Friday, October 28, 2005

The Legend of Insanity Gulch

Latigo Flint knows there are mysteries in the desert to rival any the sea or stars may hold. The old prospectors knew it too. They knew it all too well.

I straightened from the bronze plate embedded in concrete and stared out over a craggy, broken land of ancient, dusty dreams and dementia. I spoke then, my voice low and hard.
"This one stretch of desert has clamed more souls than all of humanity's ocean-crossings put together."

Several feet away stood a family, admiring the view. They turned, eyes wide.
"My goodness, is that really what it says there?" The father asked.

"Not exactly." I admitted. "But then bronze plates at scenic overlooks rarely get the story straight and really shouldn't be trusted."
I trailed a hand across the distant horizon.
"Somewhere out yonder lies Insanity Gulch. Believe you me, many a lonely prospector met his wretched end in the narrow, twisting--"

The daughter shoved me aside and stared at the placard.
"Shall I read it to you missy?"
I chuckled. "You don't look half old enough to be at the schoolin' age where they teach all the readin' and cipherin' and whatnot."

She shot me a vicious look. "I'm sixteen you spaz!"

"They teach it that early?!"

She rolled her eyes and read to the end, then looked up at me with a sigh and frown.
"This used to be a gravel quarry--in the fifties. They made concrete down there until demand dwindled and competition from San Bernardino put them out of business."

She gave her parents a disgusted look. "Of all the scenic overlooks you've forced me to stare, this one has got to be the lamest."

"Hey now missy." My voice trembled with emotion. "I already told you you can't trust bronze placards, they never get the story straight. See, I'm talkin' 'bout before it was a gravel quarry; I'm talkin' 'bout when it was known as Insanity Gulch--a craggy, broken land of ancient, dusty dreams and dementia."

"Look." She crossed her arms. "There's nothing out there. No mystery, no gulches, no dementia. They don't ever build gravel quarries in places where there's anything other than gravel."
She shook her head condescendingly. "And someone would have to be pretty dumb not to see that."

I turned from her and stared off into the distance. A soft desert wind blew up from the west. I removed my hat and let it blow through my matted hair.
"It looked like the sort of place where you'd find gold. It just did; everyone agreed."

The family was starting to trudge back to their minivan at this point. I heard their footsteps slow and then stop with a slight crunch in the unpaved parking lot where they stood listening.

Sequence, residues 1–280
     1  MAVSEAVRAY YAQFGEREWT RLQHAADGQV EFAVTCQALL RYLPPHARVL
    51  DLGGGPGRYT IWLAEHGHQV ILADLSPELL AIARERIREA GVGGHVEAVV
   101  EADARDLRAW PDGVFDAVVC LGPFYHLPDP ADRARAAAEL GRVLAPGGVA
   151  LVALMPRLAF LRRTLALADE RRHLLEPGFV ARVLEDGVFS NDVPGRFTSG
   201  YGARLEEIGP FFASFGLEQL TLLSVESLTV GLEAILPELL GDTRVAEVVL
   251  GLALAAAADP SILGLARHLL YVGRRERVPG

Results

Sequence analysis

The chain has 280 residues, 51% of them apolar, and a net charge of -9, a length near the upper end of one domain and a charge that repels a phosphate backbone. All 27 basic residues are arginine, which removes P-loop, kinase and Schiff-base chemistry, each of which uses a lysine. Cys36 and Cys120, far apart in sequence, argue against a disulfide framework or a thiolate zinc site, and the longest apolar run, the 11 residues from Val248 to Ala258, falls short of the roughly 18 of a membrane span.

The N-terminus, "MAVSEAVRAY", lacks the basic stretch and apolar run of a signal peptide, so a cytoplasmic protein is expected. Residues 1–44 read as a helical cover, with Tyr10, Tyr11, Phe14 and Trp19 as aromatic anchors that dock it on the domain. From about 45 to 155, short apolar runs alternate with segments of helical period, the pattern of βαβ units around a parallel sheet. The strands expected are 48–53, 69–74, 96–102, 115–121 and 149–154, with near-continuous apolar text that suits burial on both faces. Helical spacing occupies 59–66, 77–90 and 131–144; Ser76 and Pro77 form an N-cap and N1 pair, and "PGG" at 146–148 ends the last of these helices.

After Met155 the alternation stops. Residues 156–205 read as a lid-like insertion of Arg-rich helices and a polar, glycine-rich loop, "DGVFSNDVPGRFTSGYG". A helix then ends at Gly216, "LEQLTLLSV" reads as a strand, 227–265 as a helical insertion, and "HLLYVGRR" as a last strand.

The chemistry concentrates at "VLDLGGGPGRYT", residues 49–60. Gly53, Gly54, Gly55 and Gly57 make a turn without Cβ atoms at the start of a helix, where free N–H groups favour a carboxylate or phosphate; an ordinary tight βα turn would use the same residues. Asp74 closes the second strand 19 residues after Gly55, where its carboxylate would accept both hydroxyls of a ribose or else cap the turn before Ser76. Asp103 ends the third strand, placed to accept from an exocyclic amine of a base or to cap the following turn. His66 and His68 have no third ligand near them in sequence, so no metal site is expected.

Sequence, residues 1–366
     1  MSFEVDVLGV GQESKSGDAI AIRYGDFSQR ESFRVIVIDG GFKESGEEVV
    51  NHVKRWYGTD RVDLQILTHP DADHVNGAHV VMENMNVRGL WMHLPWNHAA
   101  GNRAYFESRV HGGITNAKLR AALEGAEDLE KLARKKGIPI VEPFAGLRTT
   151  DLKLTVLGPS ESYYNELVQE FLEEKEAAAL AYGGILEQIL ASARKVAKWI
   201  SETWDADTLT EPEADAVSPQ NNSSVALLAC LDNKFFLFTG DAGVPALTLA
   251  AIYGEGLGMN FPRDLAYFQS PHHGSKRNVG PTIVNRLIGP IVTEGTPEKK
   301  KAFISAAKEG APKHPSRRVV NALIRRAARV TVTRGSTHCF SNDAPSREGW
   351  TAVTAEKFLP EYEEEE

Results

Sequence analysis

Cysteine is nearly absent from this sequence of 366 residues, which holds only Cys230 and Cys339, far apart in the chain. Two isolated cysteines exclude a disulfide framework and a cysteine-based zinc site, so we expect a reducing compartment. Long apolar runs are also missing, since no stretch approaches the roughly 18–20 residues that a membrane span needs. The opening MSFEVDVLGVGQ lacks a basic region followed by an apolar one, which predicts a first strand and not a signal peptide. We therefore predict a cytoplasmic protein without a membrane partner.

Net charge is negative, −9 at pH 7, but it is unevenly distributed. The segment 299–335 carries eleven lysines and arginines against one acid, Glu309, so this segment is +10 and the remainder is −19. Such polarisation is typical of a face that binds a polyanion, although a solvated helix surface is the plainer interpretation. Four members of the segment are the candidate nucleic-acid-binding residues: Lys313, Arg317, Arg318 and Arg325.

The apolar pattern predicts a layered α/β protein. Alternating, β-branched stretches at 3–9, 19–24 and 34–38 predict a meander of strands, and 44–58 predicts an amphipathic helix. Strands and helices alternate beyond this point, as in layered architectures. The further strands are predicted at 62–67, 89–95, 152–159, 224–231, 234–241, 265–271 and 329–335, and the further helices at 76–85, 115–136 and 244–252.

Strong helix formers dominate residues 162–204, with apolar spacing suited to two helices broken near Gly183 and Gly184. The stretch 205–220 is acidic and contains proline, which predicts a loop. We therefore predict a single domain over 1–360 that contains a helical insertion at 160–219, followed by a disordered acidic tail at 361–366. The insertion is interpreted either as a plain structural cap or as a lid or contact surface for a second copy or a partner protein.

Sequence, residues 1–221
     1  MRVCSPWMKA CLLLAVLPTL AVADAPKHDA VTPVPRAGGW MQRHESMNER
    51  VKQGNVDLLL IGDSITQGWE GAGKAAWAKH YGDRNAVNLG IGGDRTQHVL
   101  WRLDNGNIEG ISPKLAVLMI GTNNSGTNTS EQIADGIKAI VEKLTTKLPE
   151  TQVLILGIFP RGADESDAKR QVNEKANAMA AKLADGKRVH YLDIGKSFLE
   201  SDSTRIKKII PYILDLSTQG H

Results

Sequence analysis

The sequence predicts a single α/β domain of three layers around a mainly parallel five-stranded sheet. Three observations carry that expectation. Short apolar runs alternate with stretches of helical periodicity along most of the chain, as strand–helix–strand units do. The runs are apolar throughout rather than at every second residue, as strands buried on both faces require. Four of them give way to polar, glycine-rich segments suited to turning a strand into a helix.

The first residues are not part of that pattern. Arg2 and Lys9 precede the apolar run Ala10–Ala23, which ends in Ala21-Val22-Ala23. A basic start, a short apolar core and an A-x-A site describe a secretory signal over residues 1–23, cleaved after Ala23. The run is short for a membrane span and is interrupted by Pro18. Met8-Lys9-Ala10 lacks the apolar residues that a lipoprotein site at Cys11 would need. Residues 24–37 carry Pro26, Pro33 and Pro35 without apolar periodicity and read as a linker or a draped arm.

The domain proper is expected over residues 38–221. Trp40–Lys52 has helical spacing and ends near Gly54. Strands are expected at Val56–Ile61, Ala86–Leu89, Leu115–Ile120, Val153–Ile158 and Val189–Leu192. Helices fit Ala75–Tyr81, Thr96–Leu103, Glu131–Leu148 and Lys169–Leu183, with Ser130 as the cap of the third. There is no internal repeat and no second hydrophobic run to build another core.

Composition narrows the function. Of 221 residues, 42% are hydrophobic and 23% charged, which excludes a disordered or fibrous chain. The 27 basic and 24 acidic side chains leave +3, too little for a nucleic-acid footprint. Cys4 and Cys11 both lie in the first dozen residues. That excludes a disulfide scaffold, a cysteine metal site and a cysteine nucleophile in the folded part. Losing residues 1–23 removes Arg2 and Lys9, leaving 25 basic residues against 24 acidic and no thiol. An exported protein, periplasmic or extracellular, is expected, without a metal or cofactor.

"Everyone agreed." I repeated. "If gold was anywhere, it'd be here. But they never found a single nugget, only gravel."

My shoulders slumped and hands dangled limply at my sides. I bowed my head in tribute to countless dead prospectors.

"And in the end it drove them mad."


At 3:26 AM, Blogger Sharon said...

A man with vision is never fully appreciated. To see gold where others see only gravel; this is both a blessing and a curse.

No wonder you're wrecked and tough (and dangerous).

At 7:02 AM, Blogger slarrow said...

Sigh. Yet another Starbuck's vicious barrista in training, it seems. (I hope she didn't have red hair?)

At 8:54 AM, Blogger tabitha jane said...

how long ago did this happen? it reminds me of something that happened to me when i was about 16 years old . . . only it was up here in oregon at some silly oregon trail marker my parents made me stop and look at. i was pretty miserable.

At 8:55 AM, Blogger tabitha jane said...

you kno what would make a good novel? a story about a prospector in this here gulch of insanity. why, i bet you could even write it in one whole month! why not start next tuesday?

i'm not making you mad am i?

At 12:06 PM, Blogger Sharon said...

what's wrong with having red hair? huh?

At 2:05 PM, Blogger Trevor Record said...

I'm afraid that history is lost on the average tourist. You could've shown them the Stalingrad memorial and they would've complained about all the snow.

At 5:37 PM, Blogger OldHorsetailSnake said...

It makes me mad (angry?) that people can't see that. What is the matter with teachers today?

At 9:51 PM, Blogger fourth_fret said...

that's how history is lost- both the history of reality, and the history of the great story tellers... because no one wants to lend an ear.

sad. sad indeed.

At 10:01 AM, Blogger Dave Morris said...

The laws governing the bludgeoning of 16-year-olds has, by un-natural selection, degraded the wisdom of the human race. This makes me very sad.

At 9:06 PM, Blogger Latigo Flint said...

Indeed Sharon. The pity is there was only gravel.

Thank goodness no Slarrow. I probably would have been a bit more polite if she had. It's generally not a good idea to fuck around with death-dream prophesies.

It happened Wednesday afternoon Tabitha Jane. But I think that parents have probably been dragging sixteen year old daughters to scenic overlooks for quite some time now.

(A measured fury Tabitha, a measured fury.)

Slarrow is referring to the dream Latigo Flint has had for something like two hundred straight nights in which he's outdrawn and gut-shot by a female gunslinger with flame-red hair and a mocking smile. It's bad news. Reoccurring death-dreams that may or may not be prophetic are very bad news indeed.

I bleed red, white and blue Trevor Record, but even I must admit "Mother Russia" is pretty damn hot. And in the winter she appears to fly, hundred-foot sword and all.

Non-funny answer Old Hoss? Standardized Testing. Funny answer: Low blood sugar.

And what's more Fourth, I happen to be the Grin in the Dark. That used to count for something you know. Not these days I guess.

Right Dave. That's exactly what I was saying; sixteen-year-old girls should be bludgeoned. You've tapped right into it.


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